How to Start a Self-Hosted WordPress Website – Step-by-Step Guide for Beginners (With Videos)
Almost everything these days requires a website. If we need a product, service or a piece of information the first place we turn to is the world wide web.
And where attention goes, money flows. Meaning that there is an abundance of ways to make money online. Take this website for example, through simple monetisation it earns me an income.
You’re probably thinking, “well that’s all well and good, but I don’t know how to build a website.”
No fear, I am going to show you how to get hosting, how to register a domain and how to start building a WordPress website, step-by-step. I have even prepared a full video course where you can follow me click-by-click.
Ready? Let’s go!
Where to start?
The biggest reason why most people never learn how to build a website is because they simply do not know where to start.
And I’m going to be honest with you, I think that starting the website can be the most technically complicated – especially for a newbie. But the good news is that you only have to do it the once.
Part #1 – Get hosting and a domain
First things first, you are going to need a domain and server to host your website.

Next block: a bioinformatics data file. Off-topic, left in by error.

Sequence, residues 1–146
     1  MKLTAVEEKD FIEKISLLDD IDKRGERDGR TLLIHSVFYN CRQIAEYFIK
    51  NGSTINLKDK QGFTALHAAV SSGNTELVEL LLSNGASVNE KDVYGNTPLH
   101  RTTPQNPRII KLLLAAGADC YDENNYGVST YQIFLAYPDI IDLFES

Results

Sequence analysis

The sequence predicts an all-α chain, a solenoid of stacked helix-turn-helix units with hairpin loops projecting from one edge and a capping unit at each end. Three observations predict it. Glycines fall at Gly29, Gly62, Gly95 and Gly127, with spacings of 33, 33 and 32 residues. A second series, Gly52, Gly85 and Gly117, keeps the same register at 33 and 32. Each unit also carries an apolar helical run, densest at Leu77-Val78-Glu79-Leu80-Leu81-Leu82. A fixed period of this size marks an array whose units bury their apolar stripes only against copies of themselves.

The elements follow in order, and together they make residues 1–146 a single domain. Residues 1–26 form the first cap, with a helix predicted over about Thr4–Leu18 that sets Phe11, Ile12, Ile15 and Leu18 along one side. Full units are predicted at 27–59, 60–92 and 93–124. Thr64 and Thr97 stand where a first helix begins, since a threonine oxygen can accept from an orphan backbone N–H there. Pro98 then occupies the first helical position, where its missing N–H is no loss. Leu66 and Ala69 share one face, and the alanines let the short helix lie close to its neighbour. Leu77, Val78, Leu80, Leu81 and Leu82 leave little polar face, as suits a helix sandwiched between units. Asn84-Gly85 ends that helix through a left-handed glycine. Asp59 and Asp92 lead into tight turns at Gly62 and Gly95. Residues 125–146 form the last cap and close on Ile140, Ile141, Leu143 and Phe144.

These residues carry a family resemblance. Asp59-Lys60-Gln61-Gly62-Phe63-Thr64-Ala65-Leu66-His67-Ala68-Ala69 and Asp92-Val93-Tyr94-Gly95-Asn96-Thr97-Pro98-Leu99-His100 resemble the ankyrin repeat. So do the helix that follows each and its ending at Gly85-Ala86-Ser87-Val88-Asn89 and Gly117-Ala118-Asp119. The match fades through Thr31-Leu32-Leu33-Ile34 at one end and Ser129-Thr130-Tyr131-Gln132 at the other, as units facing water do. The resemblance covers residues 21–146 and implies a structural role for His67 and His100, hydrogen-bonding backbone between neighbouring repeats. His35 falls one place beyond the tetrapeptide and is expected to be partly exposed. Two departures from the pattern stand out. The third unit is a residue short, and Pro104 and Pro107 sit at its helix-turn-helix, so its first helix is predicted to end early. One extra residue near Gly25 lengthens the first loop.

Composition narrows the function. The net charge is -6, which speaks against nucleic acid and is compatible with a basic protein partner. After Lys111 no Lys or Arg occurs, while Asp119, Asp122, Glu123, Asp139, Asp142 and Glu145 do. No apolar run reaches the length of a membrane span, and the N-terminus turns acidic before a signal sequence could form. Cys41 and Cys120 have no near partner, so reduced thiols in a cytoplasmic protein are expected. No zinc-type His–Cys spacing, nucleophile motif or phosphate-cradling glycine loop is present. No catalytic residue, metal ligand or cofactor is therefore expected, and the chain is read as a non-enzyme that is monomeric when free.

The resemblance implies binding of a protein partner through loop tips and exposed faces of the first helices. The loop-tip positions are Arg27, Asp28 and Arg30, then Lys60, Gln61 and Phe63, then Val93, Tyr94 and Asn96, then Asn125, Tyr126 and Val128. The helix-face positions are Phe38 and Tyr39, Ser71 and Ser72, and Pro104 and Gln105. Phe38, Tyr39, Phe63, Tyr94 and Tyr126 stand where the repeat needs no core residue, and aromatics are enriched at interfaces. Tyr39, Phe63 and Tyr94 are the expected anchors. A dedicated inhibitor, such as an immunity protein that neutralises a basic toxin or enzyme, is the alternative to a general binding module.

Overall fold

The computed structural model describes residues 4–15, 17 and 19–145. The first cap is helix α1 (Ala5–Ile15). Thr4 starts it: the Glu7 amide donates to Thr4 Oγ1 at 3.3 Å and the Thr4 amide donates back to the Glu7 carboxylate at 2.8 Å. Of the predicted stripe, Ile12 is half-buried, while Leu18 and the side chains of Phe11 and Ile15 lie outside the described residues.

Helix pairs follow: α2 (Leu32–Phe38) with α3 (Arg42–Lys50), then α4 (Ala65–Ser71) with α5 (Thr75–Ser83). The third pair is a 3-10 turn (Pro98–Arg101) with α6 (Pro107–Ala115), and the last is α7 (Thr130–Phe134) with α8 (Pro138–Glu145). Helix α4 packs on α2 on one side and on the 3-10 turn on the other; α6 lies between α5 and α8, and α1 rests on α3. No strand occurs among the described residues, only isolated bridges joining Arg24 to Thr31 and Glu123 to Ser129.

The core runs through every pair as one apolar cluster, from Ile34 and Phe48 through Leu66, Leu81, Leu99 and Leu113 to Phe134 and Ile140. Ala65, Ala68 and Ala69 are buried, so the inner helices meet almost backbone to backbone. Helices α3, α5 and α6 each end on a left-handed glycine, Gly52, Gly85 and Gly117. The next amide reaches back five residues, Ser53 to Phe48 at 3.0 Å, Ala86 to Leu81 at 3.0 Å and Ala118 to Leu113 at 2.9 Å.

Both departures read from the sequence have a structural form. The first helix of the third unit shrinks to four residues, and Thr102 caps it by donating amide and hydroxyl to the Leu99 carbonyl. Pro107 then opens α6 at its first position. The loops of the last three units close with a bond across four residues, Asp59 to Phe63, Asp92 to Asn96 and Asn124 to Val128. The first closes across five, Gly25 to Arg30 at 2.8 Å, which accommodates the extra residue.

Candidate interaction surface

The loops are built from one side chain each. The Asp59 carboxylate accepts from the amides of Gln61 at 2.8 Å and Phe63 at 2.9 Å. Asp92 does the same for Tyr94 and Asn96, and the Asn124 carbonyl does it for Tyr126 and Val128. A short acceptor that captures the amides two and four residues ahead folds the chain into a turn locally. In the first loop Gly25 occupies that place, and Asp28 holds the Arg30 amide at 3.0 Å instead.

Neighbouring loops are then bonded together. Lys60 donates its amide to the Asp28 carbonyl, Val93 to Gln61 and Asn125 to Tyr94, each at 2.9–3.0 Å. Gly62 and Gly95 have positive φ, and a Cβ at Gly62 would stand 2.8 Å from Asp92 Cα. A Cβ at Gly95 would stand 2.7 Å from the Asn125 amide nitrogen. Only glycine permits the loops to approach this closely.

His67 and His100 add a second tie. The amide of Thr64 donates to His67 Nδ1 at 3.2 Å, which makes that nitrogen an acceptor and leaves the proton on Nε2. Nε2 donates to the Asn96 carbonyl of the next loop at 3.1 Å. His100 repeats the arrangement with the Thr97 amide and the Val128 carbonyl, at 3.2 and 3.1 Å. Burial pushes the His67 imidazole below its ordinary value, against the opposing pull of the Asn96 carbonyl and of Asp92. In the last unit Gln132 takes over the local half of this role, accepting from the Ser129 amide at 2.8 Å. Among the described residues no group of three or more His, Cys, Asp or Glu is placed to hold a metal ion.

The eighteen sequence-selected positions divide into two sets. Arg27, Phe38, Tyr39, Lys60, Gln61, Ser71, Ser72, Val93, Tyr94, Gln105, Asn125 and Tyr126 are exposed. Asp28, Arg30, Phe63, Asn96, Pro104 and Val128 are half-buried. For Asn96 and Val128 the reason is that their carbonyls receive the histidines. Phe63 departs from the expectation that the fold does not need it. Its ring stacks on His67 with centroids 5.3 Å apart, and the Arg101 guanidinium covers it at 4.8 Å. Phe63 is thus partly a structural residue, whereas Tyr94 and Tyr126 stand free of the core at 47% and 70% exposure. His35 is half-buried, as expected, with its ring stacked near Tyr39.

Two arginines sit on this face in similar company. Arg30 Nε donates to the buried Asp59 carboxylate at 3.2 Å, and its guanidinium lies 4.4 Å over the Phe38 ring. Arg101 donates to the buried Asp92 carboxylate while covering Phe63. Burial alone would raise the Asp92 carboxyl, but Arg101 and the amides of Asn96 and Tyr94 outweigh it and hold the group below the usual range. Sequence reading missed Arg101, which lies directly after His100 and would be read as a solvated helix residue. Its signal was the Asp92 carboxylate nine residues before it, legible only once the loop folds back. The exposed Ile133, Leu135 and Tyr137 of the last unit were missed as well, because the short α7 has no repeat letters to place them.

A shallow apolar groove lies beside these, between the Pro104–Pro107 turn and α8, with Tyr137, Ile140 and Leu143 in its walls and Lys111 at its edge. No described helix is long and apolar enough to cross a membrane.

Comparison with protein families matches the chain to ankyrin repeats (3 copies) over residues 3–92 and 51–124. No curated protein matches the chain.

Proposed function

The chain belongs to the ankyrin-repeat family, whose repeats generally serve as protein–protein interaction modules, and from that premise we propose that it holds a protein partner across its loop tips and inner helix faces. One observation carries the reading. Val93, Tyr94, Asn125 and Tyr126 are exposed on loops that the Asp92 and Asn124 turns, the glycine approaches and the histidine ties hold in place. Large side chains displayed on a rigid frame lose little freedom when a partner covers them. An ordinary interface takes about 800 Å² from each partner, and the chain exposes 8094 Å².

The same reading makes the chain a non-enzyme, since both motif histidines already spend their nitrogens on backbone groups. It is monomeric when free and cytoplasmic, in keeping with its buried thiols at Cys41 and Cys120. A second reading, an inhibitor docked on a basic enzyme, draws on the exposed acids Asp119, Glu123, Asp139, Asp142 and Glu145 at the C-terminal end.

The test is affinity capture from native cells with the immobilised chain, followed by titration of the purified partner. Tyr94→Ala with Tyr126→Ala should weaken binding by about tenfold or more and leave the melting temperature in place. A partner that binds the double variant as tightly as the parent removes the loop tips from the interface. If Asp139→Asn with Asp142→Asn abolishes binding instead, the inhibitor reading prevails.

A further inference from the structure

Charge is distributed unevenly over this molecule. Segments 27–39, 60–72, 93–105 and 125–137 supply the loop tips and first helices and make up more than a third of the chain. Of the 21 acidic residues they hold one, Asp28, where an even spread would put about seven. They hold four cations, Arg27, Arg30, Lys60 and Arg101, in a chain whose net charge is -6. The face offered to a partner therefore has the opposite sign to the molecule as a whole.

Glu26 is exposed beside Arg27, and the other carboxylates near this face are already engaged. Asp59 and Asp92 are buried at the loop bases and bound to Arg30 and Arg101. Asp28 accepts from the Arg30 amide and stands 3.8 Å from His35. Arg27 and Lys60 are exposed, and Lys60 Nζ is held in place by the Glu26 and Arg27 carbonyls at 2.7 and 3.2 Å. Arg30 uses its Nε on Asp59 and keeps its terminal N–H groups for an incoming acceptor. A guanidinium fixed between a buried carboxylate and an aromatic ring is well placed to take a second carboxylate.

The following video will walk you through how to do this click-by-click. Alternatively, you can follow along with the instructions in this post.
Domain: This is your internet address. Sometimes called URL. For example, my domain is roseannasunley.com
Server: Think of a server like a special type of computer. When you view a website, all the information that you are seeing (text, images, videos etc) have to be stored somewhere. Similar to saving a word document on your computer hard drive, you save all your website files on your server.
Hosting: Think of this as another term for the word ‘stored’. E.g Files are hosted on your server. When you see the term ‘hosting’, it basically means somewhere to store your website files, therefore meaning server space.
The company in which you choose to purchase server space from (to host your website) will usually also provide you with a domain.
You can purchase domains separately, but if you are a newbie, I would highly recommend getting them both at together at the same time.